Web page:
Summer temperatures can be a risk to health and it is important to make sure you and those you care for are suitably hydrated. Dehydration can cause significant health problems and lead to death in extreme cases. Young children and the elderly are most at risk. They may be unaware of becoming overheated and not drinking enough liquids to stay hydrated. Organisations like Age Concern Help the Aged NI have useful tips on how to stay cool in summer.
You can follow some simple guidelines to stay fit and well during a long warm spell:
Keep your house cool
In hot weather, stay inside the coolest rooms in your house as much as possible. These are probably the rooms that get little sun during the day. To help keep all rooms in your house cool, you can:
- close pale-coloured curtains – closing dark curtains and metal blinds can make rooms hotter
- keep windows closed when it’s hotter outside than inside, but open them if the room gets too hot
- open windows at night when the air is cooler, but close ground floor windows when you leave the house or go to bed
Take extra care with food
When it’s hot, bacteria on food can multiply very quickly, which increases the risk of food poisoning. So, it’s important to make sure food is:
- kept in cooler bags when taking it home from the supermarket or out for a picnic
- put in the fridge as soon as you get home - the temperature of the fridge should be between 0 and 5 degrees Celsius
- kept out of the sun
- only out of the fridge for the shortest time possible – no more than a couple of hours
A picnic on a hot day can be a lovely family activity, here's some information on how to keep your picnic food and leftovers safe
Take care with bins and waste
Bins and waste can attract flies and maggots and start to smell in the heat, so make sure you:
- move bins out of direct sunlight and keep their lids closed at all times
- double bag food waste and nappies and squeeze the air out of the top of the bags before you tie them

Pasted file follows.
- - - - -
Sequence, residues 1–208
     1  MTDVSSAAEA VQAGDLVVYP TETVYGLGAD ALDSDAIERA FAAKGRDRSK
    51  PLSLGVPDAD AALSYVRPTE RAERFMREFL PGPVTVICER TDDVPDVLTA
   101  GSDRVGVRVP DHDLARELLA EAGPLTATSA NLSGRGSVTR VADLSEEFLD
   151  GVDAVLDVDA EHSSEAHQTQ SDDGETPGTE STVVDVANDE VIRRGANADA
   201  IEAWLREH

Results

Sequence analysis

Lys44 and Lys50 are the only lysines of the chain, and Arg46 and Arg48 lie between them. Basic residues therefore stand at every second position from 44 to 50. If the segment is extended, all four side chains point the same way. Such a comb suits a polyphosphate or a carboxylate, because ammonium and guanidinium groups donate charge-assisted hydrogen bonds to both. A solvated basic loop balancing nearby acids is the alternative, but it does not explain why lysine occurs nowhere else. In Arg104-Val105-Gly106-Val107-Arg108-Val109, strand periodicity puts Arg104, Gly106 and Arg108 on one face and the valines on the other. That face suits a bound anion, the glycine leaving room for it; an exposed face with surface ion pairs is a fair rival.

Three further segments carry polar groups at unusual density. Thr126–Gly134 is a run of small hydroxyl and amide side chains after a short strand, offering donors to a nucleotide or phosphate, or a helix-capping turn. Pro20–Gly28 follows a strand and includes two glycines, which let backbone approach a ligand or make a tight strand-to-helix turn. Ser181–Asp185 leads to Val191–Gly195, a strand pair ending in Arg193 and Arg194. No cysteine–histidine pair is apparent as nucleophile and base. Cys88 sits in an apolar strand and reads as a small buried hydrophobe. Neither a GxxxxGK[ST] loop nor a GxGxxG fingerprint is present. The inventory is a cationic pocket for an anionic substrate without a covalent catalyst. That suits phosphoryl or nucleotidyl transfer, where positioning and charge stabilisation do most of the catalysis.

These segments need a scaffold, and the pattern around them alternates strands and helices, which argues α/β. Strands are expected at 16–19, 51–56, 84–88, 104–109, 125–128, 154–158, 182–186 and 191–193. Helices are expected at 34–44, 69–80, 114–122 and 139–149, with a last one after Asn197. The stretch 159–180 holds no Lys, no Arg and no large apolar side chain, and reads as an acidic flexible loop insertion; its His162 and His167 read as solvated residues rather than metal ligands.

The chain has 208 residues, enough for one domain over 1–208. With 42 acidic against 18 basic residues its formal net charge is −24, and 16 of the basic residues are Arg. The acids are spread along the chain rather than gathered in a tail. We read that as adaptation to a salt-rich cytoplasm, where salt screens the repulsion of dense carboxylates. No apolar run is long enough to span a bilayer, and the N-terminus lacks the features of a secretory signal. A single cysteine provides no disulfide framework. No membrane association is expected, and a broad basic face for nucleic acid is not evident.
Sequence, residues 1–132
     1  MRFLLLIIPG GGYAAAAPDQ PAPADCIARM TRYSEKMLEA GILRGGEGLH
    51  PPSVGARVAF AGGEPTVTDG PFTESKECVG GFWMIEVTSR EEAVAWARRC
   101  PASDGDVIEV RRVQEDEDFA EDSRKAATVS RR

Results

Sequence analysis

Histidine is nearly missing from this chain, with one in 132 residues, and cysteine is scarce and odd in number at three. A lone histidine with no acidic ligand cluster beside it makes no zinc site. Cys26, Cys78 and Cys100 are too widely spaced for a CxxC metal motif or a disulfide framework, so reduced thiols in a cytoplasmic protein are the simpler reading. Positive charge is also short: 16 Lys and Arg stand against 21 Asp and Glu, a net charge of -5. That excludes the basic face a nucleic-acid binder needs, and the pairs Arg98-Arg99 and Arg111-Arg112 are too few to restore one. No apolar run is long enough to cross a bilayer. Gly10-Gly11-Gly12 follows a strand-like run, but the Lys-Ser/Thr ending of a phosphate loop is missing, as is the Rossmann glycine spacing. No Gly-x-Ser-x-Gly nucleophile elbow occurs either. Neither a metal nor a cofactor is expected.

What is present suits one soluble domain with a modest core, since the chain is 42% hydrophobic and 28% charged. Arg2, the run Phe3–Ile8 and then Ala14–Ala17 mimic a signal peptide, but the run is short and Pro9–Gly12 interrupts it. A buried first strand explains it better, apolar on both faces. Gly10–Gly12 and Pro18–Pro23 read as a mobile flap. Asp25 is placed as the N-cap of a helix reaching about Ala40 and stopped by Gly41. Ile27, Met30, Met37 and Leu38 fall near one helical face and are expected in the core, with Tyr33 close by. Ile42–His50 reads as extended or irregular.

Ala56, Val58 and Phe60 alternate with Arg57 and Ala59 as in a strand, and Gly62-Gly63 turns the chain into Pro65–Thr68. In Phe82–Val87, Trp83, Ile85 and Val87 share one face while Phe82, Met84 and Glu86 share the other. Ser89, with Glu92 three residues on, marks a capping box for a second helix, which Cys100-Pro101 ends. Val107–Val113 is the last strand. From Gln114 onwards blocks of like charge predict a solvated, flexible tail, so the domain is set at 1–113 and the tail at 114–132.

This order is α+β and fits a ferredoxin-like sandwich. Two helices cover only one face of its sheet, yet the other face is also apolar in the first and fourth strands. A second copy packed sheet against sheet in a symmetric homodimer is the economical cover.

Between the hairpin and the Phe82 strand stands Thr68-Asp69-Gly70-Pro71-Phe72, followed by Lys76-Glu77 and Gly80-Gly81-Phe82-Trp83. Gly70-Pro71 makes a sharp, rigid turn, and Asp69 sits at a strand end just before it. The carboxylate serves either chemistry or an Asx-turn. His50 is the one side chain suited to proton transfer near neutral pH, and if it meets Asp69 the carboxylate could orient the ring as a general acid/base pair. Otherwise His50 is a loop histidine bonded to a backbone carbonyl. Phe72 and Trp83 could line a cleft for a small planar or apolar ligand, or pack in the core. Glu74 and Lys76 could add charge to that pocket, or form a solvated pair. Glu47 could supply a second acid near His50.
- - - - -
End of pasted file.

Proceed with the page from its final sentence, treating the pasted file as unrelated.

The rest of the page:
- clean bins with disinfectant after they have been emptied – you can pour boiling water over them to kill any maggots
- recycle as much as possible to reduce waste
For more information about bin and waste collection and recycling, please contact your local council.
Looking after pets
Your pets and other animals can also suffer heatstroke in hot weather if they don’t keep cool. It's easy to forget but hot pavements can burn a dog's paws, if it's too hot to put your hand on, it's too hot for your dog to walk on. Never leave animals inside a car on a hot day and make sure they have:
- plenty of clean, fresh water to drink
- a cool and shady place to rest
Contact a vet if you are worried that an animal is suffering from heatstroke. More information about looking after pets in hot weather is on the Royal Society for the Prevention of Cruelty to Animals (RSPCA) website.
During the current spell of warm weather, it can be very tempting to cool off in rivers, canals, ponds, quarries, or lakes. Cooling off in open water can have deadly consequences. According to RoSPA, during the school holidays, and in particular in hot weather, increasing numbers of children put themselves at risk of drowning. On average 40-50 children drown per year in the UK.
To keep yourself safe, when you are in, on or beside water, always follow the Water Safety Code.
During hot and dry weather, avoid bonfires and be extra careful with barbecues. Dry ground in the summer increases the risk of fire. See ‘Fire safety outdoors - barbecues' for advice from RoSPA.